Thailand The games people play11
Let’s have fun with game theory, which can shed some light on the outcome of the monetary policy dispute between Prime Minister Thaksin Shinawatra and former Bank of Thailand governor MR Chatu Mongol Sonakul.
Many might be perplexed by Chatu Mongol’s abrupt dismissal after he refused to cave in to the government’s demand to raise interest rates. But by applying game theory to analyse the jostling between the two, one may find a surprising answer and become more aware of the usefulness of the tool. We know that Thaksin and Chatu Mongol took polar positions on the issue and are by nature rather proud and stubborn. So let us begin by constructing what the payoff matrix for the interest rate policy would have been before Chatu Mongol was sacrificed.
Faced with Thaksin’s command to ‘review’ the central bank’s longstanding low interest rate policy, Chatu Mongol could do one of two things – concede to Thaksin, or not give way. Similarly, Thaksin had two options in dealing with the obstinate governor – either fire him or keep him. In order to keep the game simple, we rank the preferences for the possible outcomes from worst to best, and assign the respective payoffs the numbers 1 through to 4. Chatu Mongol had made it perfectly clear that he had no intention of changing the low interest rate policy. Therefore, the worst outcome for Chatu Mongol was to concede but then get fired, so that outcome would have a payoff of 1 for him.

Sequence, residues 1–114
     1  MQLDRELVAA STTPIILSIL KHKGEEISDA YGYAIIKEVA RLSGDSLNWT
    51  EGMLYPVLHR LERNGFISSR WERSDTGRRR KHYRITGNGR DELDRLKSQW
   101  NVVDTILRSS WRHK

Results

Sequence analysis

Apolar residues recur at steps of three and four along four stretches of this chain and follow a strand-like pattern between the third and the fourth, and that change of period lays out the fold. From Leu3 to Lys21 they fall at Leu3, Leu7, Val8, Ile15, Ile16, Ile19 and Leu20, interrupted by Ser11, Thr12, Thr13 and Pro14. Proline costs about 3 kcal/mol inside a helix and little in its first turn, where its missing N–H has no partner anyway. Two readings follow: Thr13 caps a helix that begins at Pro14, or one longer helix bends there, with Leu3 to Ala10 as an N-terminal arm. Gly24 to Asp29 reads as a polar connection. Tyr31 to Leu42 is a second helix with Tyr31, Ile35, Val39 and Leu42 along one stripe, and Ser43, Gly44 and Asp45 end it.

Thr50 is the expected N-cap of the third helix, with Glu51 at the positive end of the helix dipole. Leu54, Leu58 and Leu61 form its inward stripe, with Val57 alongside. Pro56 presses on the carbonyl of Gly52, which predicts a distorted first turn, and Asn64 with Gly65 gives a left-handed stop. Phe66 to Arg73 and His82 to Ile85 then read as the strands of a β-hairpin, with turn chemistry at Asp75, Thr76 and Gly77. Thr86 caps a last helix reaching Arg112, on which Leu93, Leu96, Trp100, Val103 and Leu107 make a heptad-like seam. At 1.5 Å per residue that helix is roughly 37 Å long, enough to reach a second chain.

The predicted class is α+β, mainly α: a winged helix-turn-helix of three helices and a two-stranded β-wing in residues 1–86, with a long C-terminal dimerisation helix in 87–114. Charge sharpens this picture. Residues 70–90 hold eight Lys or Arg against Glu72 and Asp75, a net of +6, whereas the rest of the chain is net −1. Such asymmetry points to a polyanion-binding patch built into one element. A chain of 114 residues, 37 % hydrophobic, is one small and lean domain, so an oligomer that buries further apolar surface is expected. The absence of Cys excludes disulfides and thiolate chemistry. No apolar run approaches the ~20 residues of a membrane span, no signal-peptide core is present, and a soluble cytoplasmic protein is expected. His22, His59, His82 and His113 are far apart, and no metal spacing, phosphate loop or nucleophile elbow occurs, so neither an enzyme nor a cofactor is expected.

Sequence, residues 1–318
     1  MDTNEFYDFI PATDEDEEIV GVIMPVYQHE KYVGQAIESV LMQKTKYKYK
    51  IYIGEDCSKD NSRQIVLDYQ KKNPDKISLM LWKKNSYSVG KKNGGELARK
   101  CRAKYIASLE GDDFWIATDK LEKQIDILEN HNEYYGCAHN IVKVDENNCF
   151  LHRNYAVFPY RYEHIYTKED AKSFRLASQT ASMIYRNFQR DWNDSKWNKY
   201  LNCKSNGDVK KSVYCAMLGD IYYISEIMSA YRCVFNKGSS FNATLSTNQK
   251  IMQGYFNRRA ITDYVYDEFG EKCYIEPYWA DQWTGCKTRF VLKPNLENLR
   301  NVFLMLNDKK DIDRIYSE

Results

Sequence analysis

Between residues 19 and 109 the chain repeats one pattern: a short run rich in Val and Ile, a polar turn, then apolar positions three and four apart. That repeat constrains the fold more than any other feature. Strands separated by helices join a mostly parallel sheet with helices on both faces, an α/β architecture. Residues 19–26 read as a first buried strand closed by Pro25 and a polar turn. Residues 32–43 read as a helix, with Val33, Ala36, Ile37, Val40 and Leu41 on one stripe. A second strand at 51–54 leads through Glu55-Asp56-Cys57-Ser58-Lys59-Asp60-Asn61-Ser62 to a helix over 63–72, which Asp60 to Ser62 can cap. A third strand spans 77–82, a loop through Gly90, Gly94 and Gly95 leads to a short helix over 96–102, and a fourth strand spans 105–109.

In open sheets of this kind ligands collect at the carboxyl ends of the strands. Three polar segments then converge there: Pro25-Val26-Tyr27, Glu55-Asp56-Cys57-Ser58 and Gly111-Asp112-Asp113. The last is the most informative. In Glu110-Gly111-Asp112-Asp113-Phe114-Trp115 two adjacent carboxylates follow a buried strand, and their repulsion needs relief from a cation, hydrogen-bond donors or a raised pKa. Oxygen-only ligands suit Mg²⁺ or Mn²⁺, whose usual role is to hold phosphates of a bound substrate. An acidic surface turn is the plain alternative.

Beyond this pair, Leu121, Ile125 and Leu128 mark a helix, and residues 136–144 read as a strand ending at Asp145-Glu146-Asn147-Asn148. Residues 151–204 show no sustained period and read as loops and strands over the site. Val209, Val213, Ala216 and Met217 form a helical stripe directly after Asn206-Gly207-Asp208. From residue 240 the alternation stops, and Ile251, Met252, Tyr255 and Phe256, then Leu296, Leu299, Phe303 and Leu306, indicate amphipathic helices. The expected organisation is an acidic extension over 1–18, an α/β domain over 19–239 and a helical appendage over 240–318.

The second worst outcome was to concede and not be fired, but that would leave Chatu Mongol with his integrity bruised and the central bank with its independence impaired.
The third worst outcome was not to concede, and get fired. Though he might lose his job, he could still maintain his integrity and time could prove his stance correct.
Chatu Mongol’s strongest preference was not to concede, but still keep his job. This outcome would have a payoff of 4 for him. This would mean he had beaten Thaksin in their two-way gamesmanship. Meanwhile, the worst outcome for Thaksin would be for Chatu Mongol to defy his demand, but to keep the maverick as central bank governor.
The second worst option was for Chatu Mongol to make a concession, but for the PM to have to fire the governor anyway to avoid future trouble. The next worst scenario was for Thaksin to fire Chatu Mongol for his defiance. Thaksin’s highest preference was for Chatu Mongol to fully agree with his demand so that he would not have to get rid of him as governor.
1. Describe the type of game that is involved in the above situation.
2. Draw a game tree of the situation, with the appropriate payoffs.
3. Using the backward induction method, analyse the game tree and explain the result observed.